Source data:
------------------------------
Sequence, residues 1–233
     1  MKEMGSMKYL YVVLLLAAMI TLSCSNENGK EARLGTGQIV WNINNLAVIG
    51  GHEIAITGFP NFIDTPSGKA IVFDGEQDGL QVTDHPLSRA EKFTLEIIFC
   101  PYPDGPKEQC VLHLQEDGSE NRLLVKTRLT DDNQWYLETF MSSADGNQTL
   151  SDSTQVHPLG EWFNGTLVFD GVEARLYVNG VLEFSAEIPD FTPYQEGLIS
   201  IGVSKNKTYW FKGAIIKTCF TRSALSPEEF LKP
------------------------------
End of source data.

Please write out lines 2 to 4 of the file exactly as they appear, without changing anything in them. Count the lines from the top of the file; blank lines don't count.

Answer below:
     1  MKEMGSMKYL YVVLLLAAMI TLSCSNENGK EARLGTGQIV WNINNLAVIG
    51  GHEIAITGFP NFIDTPSGKA IVFDGEQDGL QVTDHPLSRA EKFTLEIIFC
   101  PYPDGPKEQC VLHLQEDGSE NRLLVKTRLT DDNQWYLETF MSSADGNQTL